The Monitor is a weekly column devoted to everything happening in the WIRED world of culture, from movies to memes, TV to Twitter.
To begin, a casting announcement. Three of them, actually. We’ll start with the most recent one. On Thursday, Deadline reported that Kathryn Hahn is set to join the sequel to Knives Out, director Rian Johnson’s amazingly clever 2019 whodunit. This news came on the heels of reports that Janelle Monáe, Dave Bautista and Edward Norton were also lined up to star in the sequel, which is being made as part of a two-movie deal with Netflix reported to be worth some $450 million. If the news of a Knives Out 2 movie alone wasn’t thrilling enough, this latest update is pretty electrifying.
It also proves that this movie is likely to do exactly what it should: light up the damn internet. Back in 2019, Knives Out was kind of a sleeper hit. It made less than $27 million in its opening weekend, but went on to make more than $310 million worldwide, thanks in part to word-of-mouth and genuine goodwill. The people who saw it championed it fiercely. It inspired memes, and a rabid fandom for cable knit sweaters brought on by the one Chris Evans wore in the film. (See: #KnivesOutChallenge.) It was, in short, beloved.
It’s no wonder then that Netflix laid out such a massive amount of cash to secure its sequels. The streaming service does well with Internet-beloved cultish favorites. But unlike, say, The Office, Netflix will be able to own these sequels outright, because it paid for them. It’s possible, though, that Netflix may not own everything connected with the movie-cum-franchise. After the deal went public, whomever has been running the @KnivesOut Twitter account posted a somewhat somber message about not being part of Knives Out 2, leading some to call for Netflix to hire the social media manager immediately. (The original film was produced and distributed by Lionsgate and MPC and presumably that Twitter maven worked for one of them.)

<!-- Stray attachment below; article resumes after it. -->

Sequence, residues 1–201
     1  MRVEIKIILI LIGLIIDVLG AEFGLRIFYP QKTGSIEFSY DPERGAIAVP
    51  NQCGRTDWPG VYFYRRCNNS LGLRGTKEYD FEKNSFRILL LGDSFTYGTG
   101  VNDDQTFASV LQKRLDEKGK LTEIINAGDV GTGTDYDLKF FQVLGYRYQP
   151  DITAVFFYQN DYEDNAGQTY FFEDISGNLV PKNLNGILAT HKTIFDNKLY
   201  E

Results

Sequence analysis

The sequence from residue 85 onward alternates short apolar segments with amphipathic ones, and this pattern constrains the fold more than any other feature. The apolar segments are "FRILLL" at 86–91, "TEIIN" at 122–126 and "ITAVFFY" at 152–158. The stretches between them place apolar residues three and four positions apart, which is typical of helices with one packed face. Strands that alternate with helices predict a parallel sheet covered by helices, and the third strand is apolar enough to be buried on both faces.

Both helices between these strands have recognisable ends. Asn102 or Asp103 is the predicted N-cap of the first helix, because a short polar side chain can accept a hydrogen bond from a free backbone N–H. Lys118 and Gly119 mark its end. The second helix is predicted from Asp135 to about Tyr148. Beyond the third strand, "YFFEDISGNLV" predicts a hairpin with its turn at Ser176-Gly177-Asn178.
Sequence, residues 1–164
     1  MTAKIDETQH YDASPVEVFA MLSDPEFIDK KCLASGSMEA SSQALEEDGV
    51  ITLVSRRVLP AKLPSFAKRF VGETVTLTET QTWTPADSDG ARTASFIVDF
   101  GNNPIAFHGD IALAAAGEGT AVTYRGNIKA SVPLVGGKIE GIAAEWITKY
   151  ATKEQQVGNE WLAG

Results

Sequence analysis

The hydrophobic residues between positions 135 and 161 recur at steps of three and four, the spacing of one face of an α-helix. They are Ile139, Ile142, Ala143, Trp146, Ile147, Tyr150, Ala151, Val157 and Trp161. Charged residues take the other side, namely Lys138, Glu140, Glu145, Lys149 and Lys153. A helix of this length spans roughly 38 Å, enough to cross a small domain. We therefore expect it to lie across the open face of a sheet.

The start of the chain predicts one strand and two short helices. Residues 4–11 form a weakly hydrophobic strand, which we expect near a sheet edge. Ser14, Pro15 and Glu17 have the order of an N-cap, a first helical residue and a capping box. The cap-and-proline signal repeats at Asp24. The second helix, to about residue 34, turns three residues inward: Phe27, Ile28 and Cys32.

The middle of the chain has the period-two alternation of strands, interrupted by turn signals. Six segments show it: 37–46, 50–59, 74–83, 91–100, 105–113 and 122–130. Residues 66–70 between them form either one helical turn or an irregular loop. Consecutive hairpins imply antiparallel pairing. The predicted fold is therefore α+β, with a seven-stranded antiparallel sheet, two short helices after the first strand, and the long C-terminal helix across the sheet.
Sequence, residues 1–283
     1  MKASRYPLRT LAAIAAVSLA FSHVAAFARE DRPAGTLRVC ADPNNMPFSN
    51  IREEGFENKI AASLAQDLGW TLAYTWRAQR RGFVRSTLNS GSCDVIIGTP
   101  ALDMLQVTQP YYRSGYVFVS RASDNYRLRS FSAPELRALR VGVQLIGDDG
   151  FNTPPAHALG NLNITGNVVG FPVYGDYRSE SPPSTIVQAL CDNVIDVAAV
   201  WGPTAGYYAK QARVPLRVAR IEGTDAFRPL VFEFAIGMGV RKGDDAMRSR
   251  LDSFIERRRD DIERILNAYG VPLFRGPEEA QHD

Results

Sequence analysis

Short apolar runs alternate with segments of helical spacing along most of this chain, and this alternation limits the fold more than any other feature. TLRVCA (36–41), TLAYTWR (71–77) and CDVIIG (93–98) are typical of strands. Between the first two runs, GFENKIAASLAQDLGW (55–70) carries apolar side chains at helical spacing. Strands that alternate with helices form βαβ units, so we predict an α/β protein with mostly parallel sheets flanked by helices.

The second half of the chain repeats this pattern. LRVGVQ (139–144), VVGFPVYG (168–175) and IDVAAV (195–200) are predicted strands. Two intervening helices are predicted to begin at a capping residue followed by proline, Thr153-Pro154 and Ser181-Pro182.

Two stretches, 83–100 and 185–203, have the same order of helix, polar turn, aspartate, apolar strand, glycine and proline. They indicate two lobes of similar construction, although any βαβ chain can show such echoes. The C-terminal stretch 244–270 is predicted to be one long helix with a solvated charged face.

This is exactly the kind of enthusiasm Netflix needs if it’s going to capitalize on its acquisition. Which brings us back to the casting. For one, Monáe, Norton, Hahn, and Bautista are all excellent additions to any cast. But for another, they’re all compelling choices. The first Knives Out succeeded because so many of the actors in its ensemble got to play slightly against type. It had Brit Daniel Craig—literally James Bond—playing an exuberant Southern detective trying to solve a potential murder. LaKeith Stanfield, an actor not particularly known for playing down-the-middle characters, was Craig’s straight-from-central-casting gumshoe. It had Evans—literally Captain America—playing an entitled and conniving brat. Often creepy Michael Shannon was creepy in Knives Out, too, but he also had an air of insecurity. Jamie Lee Curtis was Jamie Lee Curtis (there was no need to mess with perfection).